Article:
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<b>United Kingdom 2009: </b>Better than Average Year Before

Sales & Trends

LONDON, UK – 2009 ended with a cold-snap but, for most of the rest of the year, it was unseasonably warm. Fair weather in the UK means bumper ice-cream sales, and bicycle shortages.

<b>United Kingdom 2009: </b>Better than Average Year Before

LONDON, UK – 2009 ended with a cold-snap but, for most of the rest of the year, it was unseasonably warm. Fair weather in the UK means bumper ice-cream sales, and bicycle shortages.

The UK Bike Market (x 1,000 units) 

 
2004
2005
2006
2007
2008
Imports
3,500
3,300
3,200
3,500
3,156
Production
250
135
94
80
28
Consumption
3,500
3,300
3,300
3,400
3,311

Sources: Eurostat, BAGB

Many suppliers couldn’t meet demand, for bikes and kit. Key SKUs were on the water when they could have been making bike shops money. Making money? In a recession? Many mass media outlets reported about the UK’s ‘bike boom’ but failed to understand that shortages weren’t just about demand suddenly going through the roof it was also about previous years of lacklustre trading making for less cash to spend on ‘what if’ scenarios. UK bike suppliers tend to order what they sold the previous year: anything more than this and shortages happen. It’s classic feast- and-famine. The weakness of the pound didn’t help.

Taking notice of cycling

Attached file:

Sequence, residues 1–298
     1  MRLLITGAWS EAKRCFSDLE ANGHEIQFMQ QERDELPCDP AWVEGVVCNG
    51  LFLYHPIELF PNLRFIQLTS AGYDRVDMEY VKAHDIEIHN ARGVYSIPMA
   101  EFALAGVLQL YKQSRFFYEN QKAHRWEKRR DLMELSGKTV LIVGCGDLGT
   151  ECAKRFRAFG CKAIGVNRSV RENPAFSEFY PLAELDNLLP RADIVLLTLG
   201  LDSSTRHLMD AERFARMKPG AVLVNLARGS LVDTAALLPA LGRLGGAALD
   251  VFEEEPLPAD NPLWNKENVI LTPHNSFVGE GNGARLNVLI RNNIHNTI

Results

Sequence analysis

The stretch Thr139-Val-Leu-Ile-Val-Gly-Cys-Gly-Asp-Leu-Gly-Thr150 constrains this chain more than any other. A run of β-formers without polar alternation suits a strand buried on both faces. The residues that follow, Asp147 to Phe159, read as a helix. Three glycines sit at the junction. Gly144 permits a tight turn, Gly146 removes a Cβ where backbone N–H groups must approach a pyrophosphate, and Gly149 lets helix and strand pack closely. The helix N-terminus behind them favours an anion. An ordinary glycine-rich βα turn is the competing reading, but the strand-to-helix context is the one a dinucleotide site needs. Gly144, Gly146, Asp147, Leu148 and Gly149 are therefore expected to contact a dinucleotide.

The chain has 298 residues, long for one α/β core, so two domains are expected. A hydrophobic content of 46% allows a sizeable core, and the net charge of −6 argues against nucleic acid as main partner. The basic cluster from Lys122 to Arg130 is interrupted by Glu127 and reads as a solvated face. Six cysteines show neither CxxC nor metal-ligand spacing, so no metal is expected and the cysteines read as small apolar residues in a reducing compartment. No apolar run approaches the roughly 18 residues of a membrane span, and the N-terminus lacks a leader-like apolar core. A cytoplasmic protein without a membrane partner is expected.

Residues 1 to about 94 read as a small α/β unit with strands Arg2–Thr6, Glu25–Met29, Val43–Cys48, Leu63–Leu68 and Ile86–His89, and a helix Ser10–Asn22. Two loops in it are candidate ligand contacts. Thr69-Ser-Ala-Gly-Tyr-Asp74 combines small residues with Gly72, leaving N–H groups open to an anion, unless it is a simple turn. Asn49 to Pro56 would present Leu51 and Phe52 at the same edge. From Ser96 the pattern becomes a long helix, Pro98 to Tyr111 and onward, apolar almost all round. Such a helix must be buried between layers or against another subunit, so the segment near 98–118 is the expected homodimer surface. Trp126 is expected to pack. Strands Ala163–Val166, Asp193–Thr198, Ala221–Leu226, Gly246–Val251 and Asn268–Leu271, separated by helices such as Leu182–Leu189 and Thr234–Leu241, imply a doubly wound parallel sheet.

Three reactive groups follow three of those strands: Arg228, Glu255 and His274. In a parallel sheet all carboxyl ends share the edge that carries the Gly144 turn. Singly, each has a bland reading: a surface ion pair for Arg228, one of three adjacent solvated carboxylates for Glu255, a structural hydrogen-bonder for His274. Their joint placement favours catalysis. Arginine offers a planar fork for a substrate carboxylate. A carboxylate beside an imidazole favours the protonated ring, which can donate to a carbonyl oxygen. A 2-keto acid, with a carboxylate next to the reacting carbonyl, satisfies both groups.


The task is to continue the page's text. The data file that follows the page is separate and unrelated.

The continued reshaping of UK bike retail was clearly evident in 2009. 
A number of factors were at play, including the UK Government’s Cycle to Work scheme becoming an important lifeline for Britain’s independent bicycle dealers (IBDs); with Halfords increasing sales but dumping its IBD-apeing retail formats; with supermarkets muscling in, at both the low-end and the top-end; and with ever increasing numbers of commuter cyclists, an urban renaissance that the bike trade is benefiting from but, largely, not shaping.

2009 was also a year of high-ups taking notice of cycling. Lord Adonis, the transport secretary, reportedly got on his bike to tour cycle parking facilities at train stations. Stick-thin Adonis likes cycling. In 2009 he said: “Cycling can keep you healthy, save money and help reduce congestion, as well as often being the quickest way to get around. If more people were to travel short distances by bike instead of car, the quality of life across our communities could be considerably enhanced.”

This bodes well for 2010. Whichever party wins the General Election – which must take place before 3rd June – cycling will be a small but growing blip on the political radar. Spending on bike facilities can have economic benefits outside of the bike trade, too. Asutely, Cycling England has an economics impact report on cycling. This report, produced by SQW consultants, estimates that every new cyclist saves the nation GBP 382 (€ 423) a year in costs related to health, pollution and congestion. Spending one euro on cycling brings in four euros of benefits.

‘Year of the Bike’